How did you come to AUP?

Even though I was born and raised mostly in the US, I’ve been living abroad for almost half of my life now. I’ve been a post-doc for many years, engaging in a lot of different research projects across the globe and I’ve changed focus as I think more about connections between different fields. Although I’d spent most of my career at large research schools, I had always wanted to work at a smaller university, since I like working on small projects and working closely with students. I was trying to figure out how to get from a big, research university to a small, liberal arts college, when I saw an opening at AUP. For me, this was the perfect combination of educational philosophy and location: I’d lived in Paris for a year when I was little and it’s a city that I’ve always loved.

 

What are your main fields of interest and have these changed since coming to AUP?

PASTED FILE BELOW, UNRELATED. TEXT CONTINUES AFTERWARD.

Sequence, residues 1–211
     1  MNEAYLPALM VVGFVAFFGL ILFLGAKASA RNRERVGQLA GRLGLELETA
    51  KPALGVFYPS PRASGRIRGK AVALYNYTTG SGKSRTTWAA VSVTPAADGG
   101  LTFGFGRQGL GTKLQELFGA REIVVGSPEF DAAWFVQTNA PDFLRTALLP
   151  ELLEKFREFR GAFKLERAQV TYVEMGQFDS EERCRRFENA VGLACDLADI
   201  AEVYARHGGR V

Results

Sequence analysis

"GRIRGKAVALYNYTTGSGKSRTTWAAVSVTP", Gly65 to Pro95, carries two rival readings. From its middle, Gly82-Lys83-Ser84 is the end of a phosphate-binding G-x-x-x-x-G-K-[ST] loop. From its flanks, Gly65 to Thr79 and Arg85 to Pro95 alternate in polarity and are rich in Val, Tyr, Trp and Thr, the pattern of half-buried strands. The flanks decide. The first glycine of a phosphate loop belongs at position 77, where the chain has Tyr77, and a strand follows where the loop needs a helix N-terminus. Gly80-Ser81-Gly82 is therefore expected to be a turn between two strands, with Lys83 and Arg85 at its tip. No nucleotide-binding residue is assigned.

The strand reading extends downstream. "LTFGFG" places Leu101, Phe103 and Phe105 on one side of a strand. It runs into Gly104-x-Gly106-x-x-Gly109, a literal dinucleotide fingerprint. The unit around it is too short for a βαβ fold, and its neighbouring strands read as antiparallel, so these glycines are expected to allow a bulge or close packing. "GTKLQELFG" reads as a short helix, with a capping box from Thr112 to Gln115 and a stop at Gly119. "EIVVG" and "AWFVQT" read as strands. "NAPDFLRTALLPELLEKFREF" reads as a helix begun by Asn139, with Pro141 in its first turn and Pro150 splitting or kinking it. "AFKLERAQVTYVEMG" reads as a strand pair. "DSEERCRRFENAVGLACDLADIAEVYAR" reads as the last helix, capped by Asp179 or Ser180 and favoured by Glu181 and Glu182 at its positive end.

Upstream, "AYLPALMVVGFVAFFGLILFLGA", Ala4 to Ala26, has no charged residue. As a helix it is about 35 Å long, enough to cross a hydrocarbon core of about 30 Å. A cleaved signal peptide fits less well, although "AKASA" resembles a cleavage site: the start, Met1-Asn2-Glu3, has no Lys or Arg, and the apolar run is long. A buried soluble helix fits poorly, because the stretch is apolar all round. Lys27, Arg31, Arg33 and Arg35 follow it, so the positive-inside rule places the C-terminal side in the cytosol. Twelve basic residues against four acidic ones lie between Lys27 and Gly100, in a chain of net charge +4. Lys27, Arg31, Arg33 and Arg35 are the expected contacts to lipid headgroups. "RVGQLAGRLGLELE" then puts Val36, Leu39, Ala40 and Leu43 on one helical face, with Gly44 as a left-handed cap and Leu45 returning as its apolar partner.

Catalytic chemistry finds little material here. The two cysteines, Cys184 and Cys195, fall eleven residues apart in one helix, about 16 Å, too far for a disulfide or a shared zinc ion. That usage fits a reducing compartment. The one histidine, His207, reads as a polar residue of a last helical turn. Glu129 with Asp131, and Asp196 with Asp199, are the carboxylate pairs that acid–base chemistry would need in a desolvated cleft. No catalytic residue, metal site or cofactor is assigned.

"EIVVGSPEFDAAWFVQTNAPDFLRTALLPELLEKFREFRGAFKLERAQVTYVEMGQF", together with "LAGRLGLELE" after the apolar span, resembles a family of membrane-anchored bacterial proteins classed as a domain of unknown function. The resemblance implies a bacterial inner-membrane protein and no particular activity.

I am a broadly trained evolutionary biologist but I’m interested in many disciplines and I incorporate multiple elements of different subjects as I go. My BA was in Anthropology and my PhD was in Animal Behavior, specifically social behavior or how animals interact in groups. During my PhD, I focused on birds, but I have worked with many other animals as well, including primates and insects. Since my PhD, I have done research in many fields, including molecular ecology, population biology, and environmental science.

Since coming to AUP, my interests have shifted, in part because my closest colleague is a climate biologist [Professor Claudio Piani] and in part because I’m not working within a giant department of evolutionary biologists but with people who have very disparate interests. This, to me, is one of the joys of working at AUP: you get to think about projects that you can do with an art historian or a physicist or a mathematician, and so on. Professor Piani and I are putting our heads together to think about those combinations and how to integrate ideas about evolutionary biology into ideas about climate change, including monitoring the effects of climate change and their impact on natural systems.